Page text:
Categorized | Japan, slider, South Korea

Coronavirus Worsens Korea-Japan Tensions


This briefing comes from Korea View, a weekly newsletter published by the Korea Economic Institute. Korea View aims to cover developments that reveal trends on the Korean Peninsula but receive little attention in the United States. If you would like to sign up, please find the online form here.

What Happened

  • Four Japanese citizens were prevented from boarding a plane destined for South Korea on March 9, the first day of South Korea’s travel ban on Japanese from entering the nation.
  • Japan, along with five other nations, banned foreigners from entering the country if they had visited certain hotspots such as
  • Daegu, Cheongdo county, and North Gyeongsang Province.
  • New measures from the Japanese government included the suspension of a 90-day visa-free program for Koreans.
  • As of March 13, a total of 123 countries and territories were restricting entry or enforcing tougher quarantine measures for people from South Korea.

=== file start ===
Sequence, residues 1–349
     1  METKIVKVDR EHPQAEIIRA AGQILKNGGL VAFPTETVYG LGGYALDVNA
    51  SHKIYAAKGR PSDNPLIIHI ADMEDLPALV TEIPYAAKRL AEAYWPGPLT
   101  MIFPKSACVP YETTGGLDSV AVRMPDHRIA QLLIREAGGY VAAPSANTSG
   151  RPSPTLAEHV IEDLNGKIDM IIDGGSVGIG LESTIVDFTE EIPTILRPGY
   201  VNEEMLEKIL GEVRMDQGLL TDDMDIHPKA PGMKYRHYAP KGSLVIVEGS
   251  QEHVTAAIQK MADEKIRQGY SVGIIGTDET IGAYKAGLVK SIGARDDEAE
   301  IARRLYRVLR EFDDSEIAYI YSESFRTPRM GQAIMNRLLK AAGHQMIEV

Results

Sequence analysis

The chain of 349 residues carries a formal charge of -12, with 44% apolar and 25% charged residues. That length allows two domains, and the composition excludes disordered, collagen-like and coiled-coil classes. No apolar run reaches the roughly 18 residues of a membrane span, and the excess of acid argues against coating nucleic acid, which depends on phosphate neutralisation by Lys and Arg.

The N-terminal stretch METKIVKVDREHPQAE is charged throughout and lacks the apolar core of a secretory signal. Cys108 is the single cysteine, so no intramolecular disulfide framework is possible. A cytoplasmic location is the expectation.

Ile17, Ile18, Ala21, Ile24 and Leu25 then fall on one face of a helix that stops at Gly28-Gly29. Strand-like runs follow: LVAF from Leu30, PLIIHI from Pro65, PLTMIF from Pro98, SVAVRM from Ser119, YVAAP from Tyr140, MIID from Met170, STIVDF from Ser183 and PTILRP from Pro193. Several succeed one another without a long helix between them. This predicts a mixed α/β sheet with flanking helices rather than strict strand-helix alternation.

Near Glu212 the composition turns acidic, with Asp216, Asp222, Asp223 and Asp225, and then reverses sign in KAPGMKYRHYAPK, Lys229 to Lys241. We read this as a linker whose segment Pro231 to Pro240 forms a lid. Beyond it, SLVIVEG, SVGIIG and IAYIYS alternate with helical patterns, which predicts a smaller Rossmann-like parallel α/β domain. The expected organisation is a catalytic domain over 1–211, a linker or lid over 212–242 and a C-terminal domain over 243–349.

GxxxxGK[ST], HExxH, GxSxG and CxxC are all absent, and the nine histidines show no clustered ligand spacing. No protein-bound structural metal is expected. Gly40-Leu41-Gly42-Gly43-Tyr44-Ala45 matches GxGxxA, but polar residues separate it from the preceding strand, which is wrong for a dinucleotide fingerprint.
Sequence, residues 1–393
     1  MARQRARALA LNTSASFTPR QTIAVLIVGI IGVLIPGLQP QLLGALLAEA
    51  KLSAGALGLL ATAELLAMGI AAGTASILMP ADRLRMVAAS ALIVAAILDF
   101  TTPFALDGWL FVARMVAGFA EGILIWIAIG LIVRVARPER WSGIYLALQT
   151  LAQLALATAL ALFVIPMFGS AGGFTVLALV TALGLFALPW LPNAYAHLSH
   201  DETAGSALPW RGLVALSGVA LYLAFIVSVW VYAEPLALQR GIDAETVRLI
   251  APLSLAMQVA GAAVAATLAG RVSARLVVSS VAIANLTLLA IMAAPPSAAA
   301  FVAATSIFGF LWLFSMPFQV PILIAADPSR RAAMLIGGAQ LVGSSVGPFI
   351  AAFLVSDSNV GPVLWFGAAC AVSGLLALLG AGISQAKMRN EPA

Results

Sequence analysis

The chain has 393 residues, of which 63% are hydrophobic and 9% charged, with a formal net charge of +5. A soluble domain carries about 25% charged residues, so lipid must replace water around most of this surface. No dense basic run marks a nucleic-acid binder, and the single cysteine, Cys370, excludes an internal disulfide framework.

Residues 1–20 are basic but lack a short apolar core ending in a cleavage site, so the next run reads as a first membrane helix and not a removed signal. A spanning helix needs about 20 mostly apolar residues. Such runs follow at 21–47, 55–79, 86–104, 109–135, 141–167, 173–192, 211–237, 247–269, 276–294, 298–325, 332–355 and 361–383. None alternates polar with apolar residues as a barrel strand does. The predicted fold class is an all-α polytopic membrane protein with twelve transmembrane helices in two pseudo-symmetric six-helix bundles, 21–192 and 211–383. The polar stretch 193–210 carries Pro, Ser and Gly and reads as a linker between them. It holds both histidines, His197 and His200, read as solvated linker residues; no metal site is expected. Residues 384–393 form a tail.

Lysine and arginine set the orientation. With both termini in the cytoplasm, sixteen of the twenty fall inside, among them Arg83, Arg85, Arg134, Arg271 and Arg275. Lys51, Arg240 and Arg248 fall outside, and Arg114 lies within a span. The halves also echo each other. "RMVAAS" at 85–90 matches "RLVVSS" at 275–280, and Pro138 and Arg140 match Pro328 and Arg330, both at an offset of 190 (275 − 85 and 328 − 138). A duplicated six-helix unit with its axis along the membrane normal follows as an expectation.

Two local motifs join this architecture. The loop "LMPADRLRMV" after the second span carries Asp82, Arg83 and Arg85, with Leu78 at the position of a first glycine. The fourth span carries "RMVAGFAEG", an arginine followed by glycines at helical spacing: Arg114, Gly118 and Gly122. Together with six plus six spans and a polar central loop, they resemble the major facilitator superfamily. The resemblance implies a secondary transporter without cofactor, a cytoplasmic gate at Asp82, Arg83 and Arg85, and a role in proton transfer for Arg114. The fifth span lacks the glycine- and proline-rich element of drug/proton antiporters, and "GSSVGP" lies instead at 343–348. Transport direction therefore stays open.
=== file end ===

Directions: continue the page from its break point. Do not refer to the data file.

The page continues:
Implications: The South Korean government’s responses to Tokyo’s new travel restrictions suggest that bilateral relations continue to suffer from tensions stemming from Japan’s reaction to the Korean court upholding the legitimacy of reparations claims by victims of forced labor during WWII. While 123 countries and territories have imposed varying levels of restrictions, Seoul has only imposed reciprocal travel restrictions on Japan. This unprecedented measure not only demonstrated how pathological pressures may be further damaging frayed relations but also revealed that countries in the region are still not coordinating their responses to the pandemic.

Context: Japan’s reaction to the pandemic strikes a contrast with how the U.S. government has approached travelers from Korea. While people who visited hotzones like Daegu are being quarantined, the U.S. government has not revoked its visa-free travel for Korean nationals.

Korea View was edited by Yong Kwon with the help of Gordon Henning, Soojin Hwang, Hyungim Jang, and Ingyeong Park.

Image from the U.S. State Department flickr account.

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